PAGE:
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Greene & Greene Gamble House Side Chair #29: Corner Bracing and Slip Seats

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Blog entry by TungOil posted 03-28-2019 12:17 AM 1111 reads 0 times favorited 4 comments Add to Favorites Watch
« Part 28: Chair Assembly Part 29 of Greene & Greene Gamble House Side Chair series Part 30: Stain and Finish »

With the chair assembled , the next step is to fabricate and install the corner braces and slip seats. To get the miter angles accurate for the corner blocks, I use a Bora MiteriX angle duplicator.

After measuring the angle, one side of the tool is removed to set the miter saw.

The resulting angles make for a perfect fit. I add some glue and screw the blocks in place set so the top of the slip seat is flush with the top of the chair side rails.

The slip seats are cut from Baltic birch plywood. To facilitate cutting the seats, I make a tablesaw sled to cut the angles.

The slip seats are difficult to cut accurately since each chair is slightly different. I sneak up on the correct angles and assure there is clearance for the seat covering using shims all around.

Next steps: drop off the slip seats at the upholster, stain and finish.

-- The optimist says "the glass is half full". The pessimist says "the glass is half empty". The engineer says "the glass is twice as big as it needs to be"



4 comments so far

View pintodeluxe's profile

pintodeluxe

6210 posts in 3696 days


#1 posted 03-28-2019 02:40 AM

Hey that’s looking pretty neat. Did you leave enough room for upholstery? I usually leave 1/4” on each side for batting and leather when I make cushions. Let the upholstery shop make the call, but be sure to communicate with them about the clearance.

Lookin’ good!

-- Willie, Washington "If You Choose Not To Decide, You Still Have Made a Choice" - Rush

View EarlS's profile

EarlS

4009 posts in 3231 days


#2 posted 03-28-2019 02:46 AM

That is a slick tool. Gotta remember that one. I made frames for the upholstery without the slip seat. There is some sag in the seat already.

-- Earl "I'm a pessamist - generally that increases the chance that things will turn out better than expected"

View TungOil's profile

TungOil

1383 posts in 1378 days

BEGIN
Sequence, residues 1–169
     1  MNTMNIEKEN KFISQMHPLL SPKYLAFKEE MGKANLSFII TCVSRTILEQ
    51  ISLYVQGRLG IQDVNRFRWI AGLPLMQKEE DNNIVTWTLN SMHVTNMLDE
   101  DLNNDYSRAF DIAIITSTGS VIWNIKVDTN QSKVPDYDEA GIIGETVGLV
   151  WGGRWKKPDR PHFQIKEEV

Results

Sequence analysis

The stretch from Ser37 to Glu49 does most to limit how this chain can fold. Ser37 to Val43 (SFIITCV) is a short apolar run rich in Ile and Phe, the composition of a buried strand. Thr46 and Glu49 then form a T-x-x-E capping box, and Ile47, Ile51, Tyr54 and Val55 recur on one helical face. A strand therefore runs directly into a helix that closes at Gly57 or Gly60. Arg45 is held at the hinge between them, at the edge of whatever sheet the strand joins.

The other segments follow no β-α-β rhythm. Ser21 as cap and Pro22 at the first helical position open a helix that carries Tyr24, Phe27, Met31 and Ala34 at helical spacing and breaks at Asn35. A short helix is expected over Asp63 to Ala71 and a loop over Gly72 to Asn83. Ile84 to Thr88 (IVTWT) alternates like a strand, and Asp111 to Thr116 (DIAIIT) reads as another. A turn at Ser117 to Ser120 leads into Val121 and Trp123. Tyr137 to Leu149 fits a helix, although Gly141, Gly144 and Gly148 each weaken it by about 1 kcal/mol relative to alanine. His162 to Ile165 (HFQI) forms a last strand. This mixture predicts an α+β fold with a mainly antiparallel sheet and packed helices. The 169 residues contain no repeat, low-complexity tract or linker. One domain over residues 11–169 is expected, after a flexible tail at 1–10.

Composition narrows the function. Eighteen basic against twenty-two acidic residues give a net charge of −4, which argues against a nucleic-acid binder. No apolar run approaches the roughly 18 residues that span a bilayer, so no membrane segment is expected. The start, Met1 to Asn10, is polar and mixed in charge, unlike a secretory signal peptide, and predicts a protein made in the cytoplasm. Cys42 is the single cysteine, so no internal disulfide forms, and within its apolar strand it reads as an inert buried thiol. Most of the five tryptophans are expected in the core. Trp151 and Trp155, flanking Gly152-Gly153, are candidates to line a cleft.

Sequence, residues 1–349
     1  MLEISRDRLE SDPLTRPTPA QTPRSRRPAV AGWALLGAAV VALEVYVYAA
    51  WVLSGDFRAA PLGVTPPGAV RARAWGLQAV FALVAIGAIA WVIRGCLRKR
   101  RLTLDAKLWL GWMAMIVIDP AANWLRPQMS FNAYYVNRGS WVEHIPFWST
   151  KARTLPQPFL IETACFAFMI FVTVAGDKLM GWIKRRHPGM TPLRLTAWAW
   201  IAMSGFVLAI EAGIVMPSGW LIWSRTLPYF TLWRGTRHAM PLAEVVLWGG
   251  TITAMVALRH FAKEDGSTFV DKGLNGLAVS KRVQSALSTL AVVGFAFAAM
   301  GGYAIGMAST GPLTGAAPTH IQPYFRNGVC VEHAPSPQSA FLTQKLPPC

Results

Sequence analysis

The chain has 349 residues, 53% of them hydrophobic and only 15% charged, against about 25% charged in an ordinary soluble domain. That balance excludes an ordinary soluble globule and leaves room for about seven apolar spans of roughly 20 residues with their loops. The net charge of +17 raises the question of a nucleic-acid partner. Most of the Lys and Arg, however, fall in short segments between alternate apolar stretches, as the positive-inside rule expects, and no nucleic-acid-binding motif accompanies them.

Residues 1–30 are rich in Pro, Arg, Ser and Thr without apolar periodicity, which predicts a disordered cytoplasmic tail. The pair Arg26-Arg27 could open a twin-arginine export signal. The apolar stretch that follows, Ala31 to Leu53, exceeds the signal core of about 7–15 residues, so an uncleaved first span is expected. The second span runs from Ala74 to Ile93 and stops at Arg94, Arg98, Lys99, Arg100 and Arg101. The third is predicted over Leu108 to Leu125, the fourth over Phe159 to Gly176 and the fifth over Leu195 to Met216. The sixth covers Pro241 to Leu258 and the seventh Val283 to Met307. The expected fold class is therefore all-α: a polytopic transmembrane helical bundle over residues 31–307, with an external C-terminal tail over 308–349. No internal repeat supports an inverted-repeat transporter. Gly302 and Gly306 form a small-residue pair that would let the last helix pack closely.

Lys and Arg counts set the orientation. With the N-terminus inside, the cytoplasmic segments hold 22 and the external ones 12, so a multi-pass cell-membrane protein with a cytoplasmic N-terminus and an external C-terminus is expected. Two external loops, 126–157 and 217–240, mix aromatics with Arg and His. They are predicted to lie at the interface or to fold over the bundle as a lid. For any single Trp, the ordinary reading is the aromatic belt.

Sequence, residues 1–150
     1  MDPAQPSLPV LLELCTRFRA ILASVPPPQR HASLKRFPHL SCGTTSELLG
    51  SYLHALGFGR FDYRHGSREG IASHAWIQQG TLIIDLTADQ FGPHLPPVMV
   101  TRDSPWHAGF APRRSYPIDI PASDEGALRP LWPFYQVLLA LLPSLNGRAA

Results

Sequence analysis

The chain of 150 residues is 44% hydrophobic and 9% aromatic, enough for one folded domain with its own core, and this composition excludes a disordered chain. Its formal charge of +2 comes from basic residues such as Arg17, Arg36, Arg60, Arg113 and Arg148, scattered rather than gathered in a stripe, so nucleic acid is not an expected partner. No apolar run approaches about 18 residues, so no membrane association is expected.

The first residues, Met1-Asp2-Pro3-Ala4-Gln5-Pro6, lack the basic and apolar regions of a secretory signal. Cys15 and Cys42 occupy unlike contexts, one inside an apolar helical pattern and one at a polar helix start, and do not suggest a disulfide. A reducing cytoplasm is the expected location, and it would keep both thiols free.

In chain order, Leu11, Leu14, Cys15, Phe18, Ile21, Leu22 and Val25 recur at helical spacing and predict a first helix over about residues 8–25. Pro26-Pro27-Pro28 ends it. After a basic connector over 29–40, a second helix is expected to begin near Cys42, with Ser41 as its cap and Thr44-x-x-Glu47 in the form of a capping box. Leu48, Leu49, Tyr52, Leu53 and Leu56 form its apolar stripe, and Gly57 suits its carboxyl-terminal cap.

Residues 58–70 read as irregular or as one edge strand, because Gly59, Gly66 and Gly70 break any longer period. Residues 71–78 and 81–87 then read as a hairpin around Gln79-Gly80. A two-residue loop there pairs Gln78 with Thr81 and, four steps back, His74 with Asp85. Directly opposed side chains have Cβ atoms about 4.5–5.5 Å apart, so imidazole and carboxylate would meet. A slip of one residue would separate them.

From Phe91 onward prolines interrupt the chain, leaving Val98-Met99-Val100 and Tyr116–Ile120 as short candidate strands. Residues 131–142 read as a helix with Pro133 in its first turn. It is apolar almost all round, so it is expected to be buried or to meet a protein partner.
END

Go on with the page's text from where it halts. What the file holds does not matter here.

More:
#3 posted 03-28-2019 02:58 AM



Hey that s looking pretty neat. Did you leave enough room for upholstery? I usually leave 1/4” on each side for batting and leather when I make cushions. Let the upholstery shop make the call, but be sure to communicate with them about the clearance.

Lookin good!

- pintodeluxe


It’s a good point Willie, I did talk to the upholsterer about clearance and for the leather I’m using they suggested no more than 1/8” all around. When I got the cutting for color approval, I used it to zero in on the actual size which is slightly under 1/8”.

-- The optimist says "the glass is half full". The pessimist says "the glass is half empty". The engineer says "the glass is twice as big as it needs to be"

View TungOil's profile

TungOil

1383 posts in 1378 days


#4 posted 03-28-2019 03:01 AM



That is a slick tool. Gotta remember that one. I made frames for the upholstery without the slip seat. There is some sag in the seat already.

- EarlS


I spoke to the upholster about that as well. They advised to use a solid plywood slipseat and based on the approval sets they covered for me earlier this week they were right. Very comfy.

One thing about leather that I forgot to mention in my write up is to drill some air holes in the slip seat to allow the seat to breath. Unlike fabrics covering, the leather acts like a balloon if you don’t add breather holes.

-- The optimist says "the glass is half full". The pessimist says "the glass is half empty". The engineer says "the glass is twice as big as it needs to be"

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